Thursday, November 29, 2007

clean cut

it's a challenge on my day off to attend to things as they come to me--like when the idea for a blog post arrives, if i wait until i've sorted the mail or finished reading the novel, i'll likely never write it.

i've been thinking in images of water. my dear friend Bear gave me this feedback on a sermon last year: you were so much on the inside of the story, and enjoying it so much, it was a bit like you were underwater. every now and then you'd come up for air and say to us, "come on in, guys! it's great!" but you didn't check in with us, via eye contact or inquisitive pauses, to see how or whether we were following. so i was splashing around, enjoying my own experience, on the assumption that if i could make myself feel deeply enough in the moment, the feeling and the power of the story would spread to my listeners ("make a splash"). but splashing makes it harder to see through the water:

on Monday i stepped into the cathedral for a centering prayer break between meetings. Maybe because i stopped at the baptismal font to bless myself with the water (Luther: "remember your baptism"), my meditation was a watery one. in the context of my day to that point, i was pondering how much of the feedback i get from others i take personally and how much i can let roll off my back. i pictured pain and sorrow as cleansing forces on the spiritual journey, like when friends or family create an intervention when they see you hurting yourself and others.

we're not exactly water creatures; we need some water but don't live in it. so i drew this parallel between pain, depression, sadness and water. if we run from pain (never wash with water) we'll feel dirty, bogged down, and not our best selves. if we are too into it, too deep in a bathtub or ocean or pool, and not paying attention we're at risk of drowning (depression all the way to suicide or death).

Tuesday i was swimming laps in the early evening. it was already dark, so the lights in the pool lit up the movement of the water. i noticed how my hands entered the water at the beginning of each stroke (imagine the swimmers in the picture above a few seconds later). sometimes they came splashing down creating lots of bubbles, and sometimes they cut cleanly into the water. in the latter case, i moved through the water more efficiently for the effort, and could also see more clearly in the water through my goggles.

it occurred to me that many of the conflicts i've been so worried about amount to splashes. it makes some sense; until i could see that i was causing them with the angle of my hand, all i knew was that i couldn't see the way forward for all the bubbles and felt scared and frustrated and stuck. i thought through my days and pondered how i might act more cleanly, might bathe briefly in my own and others' pain but not live there, might see what more i can see if i splash a little less.

Monday, November 5, 2007

a mountain baptism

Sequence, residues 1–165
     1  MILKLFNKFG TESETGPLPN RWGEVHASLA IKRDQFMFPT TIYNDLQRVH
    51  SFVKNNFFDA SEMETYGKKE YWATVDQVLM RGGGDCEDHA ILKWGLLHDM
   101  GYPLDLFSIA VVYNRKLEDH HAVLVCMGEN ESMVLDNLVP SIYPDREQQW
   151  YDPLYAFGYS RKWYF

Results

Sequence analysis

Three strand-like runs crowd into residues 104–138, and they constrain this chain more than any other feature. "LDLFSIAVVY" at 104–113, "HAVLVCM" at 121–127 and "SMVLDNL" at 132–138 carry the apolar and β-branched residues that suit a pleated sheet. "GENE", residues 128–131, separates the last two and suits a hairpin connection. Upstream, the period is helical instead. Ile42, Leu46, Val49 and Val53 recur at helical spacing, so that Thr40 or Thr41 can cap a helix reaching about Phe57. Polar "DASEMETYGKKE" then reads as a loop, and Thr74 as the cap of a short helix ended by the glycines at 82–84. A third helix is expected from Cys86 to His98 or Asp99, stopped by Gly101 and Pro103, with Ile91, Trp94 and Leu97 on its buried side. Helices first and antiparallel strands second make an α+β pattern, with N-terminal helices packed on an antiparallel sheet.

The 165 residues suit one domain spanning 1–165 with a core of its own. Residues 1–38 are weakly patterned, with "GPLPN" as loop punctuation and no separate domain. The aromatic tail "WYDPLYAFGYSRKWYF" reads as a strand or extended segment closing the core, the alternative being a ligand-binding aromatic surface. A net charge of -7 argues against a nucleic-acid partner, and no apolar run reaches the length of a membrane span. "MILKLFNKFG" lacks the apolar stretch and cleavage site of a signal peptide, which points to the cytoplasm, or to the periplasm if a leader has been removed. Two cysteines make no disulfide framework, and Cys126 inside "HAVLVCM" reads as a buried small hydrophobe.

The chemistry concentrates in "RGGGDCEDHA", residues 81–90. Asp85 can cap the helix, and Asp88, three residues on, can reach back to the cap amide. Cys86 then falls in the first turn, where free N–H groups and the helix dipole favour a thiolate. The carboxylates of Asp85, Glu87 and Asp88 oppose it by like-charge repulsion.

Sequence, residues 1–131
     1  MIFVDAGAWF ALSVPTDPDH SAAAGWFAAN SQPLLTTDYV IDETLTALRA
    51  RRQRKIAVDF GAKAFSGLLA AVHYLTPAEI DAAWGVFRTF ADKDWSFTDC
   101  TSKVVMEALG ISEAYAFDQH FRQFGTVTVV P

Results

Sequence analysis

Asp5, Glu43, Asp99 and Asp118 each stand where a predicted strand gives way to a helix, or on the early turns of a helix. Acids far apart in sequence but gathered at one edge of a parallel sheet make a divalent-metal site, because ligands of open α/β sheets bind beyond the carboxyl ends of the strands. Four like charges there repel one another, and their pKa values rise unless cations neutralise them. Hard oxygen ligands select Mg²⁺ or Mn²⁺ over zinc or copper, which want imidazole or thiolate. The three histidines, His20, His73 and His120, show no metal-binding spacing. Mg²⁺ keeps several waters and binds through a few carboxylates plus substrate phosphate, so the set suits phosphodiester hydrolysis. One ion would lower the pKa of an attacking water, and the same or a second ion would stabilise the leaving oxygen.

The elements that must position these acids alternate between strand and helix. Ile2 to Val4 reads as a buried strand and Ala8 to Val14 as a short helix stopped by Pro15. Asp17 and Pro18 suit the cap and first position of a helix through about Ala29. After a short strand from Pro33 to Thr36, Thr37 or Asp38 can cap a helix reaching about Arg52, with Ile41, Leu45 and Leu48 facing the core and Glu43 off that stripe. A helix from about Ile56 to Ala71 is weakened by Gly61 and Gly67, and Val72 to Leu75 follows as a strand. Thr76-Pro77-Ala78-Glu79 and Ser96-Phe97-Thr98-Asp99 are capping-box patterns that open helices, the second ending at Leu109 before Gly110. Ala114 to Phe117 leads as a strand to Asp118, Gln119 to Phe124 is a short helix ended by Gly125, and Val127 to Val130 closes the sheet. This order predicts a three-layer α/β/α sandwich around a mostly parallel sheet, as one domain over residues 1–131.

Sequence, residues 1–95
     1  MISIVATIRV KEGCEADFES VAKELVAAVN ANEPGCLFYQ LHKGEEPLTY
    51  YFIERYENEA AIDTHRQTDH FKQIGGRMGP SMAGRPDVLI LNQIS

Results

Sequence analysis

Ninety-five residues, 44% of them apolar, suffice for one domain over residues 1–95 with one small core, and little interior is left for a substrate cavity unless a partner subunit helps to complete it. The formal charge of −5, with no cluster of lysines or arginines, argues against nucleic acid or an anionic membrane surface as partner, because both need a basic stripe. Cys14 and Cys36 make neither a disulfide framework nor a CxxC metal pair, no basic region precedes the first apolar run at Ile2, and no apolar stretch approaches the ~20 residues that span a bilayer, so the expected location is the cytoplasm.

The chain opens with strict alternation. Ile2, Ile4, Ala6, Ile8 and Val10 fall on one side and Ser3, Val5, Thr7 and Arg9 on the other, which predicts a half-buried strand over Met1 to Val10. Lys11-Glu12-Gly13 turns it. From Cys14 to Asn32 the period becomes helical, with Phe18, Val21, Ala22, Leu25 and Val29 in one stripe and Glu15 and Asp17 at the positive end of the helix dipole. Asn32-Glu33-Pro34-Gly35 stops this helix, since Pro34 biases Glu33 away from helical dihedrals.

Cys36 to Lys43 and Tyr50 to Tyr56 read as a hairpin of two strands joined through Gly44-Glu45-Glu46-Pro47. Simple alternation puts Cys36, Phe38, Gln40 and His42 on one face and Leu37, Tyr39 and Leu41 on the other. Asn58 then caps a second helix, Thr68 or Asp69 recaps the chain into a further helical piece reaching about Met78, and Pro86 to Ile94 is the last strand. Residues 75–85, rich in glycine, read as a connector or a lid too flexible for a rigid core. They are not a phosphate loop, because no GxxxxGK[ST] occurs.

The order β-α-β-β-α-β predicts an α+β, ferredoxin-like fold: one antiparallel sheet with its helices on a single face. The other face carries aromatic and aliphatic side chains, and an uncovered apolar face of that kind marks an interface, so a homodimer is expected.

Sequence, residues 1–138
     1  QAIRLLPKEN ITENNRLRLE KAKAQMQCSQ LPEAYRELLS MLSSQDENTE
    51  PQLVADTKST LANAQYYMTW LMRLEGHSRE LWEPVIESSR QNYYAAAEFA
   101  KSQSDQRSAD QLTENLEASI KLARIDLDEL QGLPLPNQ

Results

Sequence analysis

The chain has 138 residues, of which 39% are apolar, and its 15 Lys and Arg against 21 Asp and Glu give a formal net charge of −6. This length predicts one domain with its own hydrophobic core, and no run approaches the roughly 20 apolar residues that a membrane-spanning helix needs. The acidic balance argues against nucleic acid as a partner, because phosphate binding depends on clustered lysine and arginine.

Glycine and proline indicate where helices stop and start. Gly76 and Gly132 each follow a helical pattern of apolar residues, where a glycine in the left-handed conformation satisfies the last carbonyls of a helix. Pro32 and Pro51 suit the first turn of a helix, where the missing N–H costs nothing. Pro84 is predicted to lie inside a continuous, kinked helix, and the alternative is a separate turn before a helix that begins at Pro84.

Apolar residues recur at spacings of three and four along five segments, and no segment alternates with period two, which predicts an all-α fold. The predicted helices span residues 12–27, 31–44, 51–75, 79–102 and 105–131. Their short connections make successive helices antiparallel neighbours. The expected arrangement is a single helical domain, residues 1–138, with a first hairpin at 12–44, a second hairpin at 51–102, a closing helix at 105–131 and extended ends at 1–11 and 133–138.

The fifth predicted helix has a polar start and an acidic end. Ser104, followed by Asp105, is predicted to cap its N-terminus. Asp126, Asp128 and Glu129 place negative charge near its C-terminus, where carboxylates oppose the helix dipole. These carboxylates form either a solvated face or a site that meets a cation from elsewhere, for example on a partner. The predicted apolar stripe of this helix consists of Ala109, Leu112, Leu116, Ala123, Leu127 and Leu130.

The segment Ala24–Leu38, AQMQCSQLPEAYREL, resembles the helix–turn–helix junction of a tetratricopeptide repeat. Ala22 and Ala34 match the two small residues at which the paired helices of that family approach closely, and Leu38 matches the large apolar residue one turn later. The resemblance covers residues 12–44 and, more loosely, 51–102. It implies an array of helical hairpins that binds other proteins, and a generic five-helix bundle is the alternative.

last week i took a lightning-tour trip to the mountains of western north carolina, escorting my grandmother to an annual celebration of the Land Trust for the Little Tennesse. i spent my one day in the cowee and tellico valleys, pausing as i always do to wash my face in tellico creek, where my grandmother played as a child and whose power ran the family mill.

the friend i was with, on our way back to the car, asked, "do you get any time to be out in the woods when you're at home?" good question, i said. not really. sometimes up in the redwoods, but i'm usually focused on myself and my bike, not the woods.

to ease the transition back into my mostly-paved current town (there is a creek that goes through my backyard, but it's completely channelized so its song is hard to hear), i'm reading Charles Frazier's first book, thirteen moons (he's the guy who wrote that book cold mountain that became a movie), which takes place in these mountains. cherokee country, nantahala, the place of the noonday sun.
very few white people lived back in these remote mountains, and they were mostly misfits self-exiled to the woods and falling into only two categories, drunks and preachers. the latter category included actual ministers and missionaries and also all manner of backwoods social reformers, philosophers, and political theorists, men who came walking through the door with their eyes vibrating from the energy of their frequently crackpot beliefs, hardly waiting to state their names and shake your hand before launching straight into reforming your opinions on the Holy Trinity, the Apocrypha, the Whig Party, or paper currency.
i recognize a fair bit of myself in this description. maybe this means i belong in the mountains. i hold, too, the idea that i/we could use a bit of balancing out, of listening better. kate wolf sings about her grandfather "not wanting to say any more than he thought would be heard." i think that value is shared by Cherokee culture, and perhaps by the mountains themselves.